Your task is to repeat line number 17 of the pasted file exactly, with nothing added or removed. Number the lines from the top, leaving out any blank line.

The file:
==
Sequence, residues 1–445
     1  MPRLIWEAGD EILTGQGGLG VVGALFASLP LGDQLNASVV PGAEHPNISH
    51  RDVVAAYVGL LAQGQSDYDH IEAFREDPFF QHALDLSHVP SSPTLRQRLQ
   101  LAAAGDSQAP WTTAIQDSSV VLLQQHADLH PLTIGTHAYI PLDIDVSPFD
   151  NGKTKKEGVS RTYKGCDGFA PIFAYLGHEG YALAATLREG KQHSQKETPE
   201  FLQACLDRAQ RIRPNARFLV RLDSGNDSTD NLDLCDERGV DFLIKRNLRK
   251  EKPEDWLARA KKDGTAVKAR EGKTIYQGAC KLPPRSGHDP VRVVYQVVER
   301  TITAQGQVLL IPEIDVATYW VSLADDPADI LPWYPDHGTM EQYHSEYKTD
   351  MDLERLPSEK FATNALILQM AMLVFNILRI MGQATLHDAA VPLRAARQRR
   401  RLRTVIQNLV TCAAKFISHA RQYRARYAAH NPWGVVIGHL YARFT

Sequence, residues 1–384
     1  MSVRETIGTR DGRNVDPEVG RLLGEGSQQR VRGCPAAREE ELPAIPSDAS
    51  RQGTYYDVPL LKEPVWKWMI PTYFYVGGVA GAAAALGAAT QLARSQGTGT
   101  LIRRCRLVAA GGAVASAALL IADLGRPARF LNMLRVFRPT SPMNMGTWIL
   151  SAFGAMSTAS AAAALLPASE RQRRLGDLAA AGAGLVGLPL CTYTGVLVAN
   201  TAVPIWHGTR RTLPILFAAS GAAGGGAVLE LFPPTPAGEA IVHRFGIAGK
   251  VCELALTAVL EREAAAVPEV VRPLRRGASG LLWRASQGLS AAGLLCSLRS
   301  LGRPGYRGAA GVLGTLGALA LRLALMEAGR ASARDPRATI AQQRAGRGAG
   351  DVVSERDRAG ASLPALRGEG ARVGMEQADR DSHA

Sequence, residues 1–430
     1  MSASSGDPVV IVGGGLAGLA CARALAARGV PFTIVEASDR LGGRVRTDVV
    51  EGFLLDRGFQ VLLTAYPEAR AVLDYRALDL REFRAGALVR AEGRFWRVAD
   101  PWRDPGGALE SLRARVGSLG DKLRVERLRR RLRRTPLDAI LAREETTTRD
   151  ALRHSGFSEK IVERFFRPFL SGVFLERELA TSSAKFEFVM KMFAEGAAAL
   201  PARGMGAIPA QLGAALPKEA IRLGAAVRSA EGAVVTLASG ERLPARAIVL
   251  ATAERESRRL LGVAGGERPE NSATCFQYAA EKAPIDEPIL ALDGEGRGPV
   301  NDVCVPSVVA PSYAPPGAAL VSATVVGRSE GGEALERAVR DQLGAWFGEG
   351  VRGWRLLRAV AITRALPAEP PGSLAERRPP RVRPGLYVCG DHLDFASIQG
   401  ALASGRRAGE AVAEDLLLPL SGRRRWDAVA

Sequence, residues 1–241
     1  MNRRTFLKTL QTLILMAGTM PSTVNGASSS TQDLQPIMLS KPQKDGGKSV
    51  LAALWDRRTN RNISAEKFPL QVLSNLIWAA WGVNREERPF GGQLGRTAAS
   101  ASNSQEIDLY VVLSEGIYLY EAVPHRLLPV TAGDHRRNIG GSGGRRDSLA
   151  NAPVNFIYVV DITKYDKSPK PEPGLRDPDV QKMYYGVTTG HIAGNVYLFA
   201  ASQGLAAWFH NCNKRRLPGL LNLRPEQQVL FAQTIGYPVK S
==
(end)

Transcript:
   251  VCELALTAVL EREAAAVPEV VRPLRRGASG LLWRASQGLS AAGLLCSLRS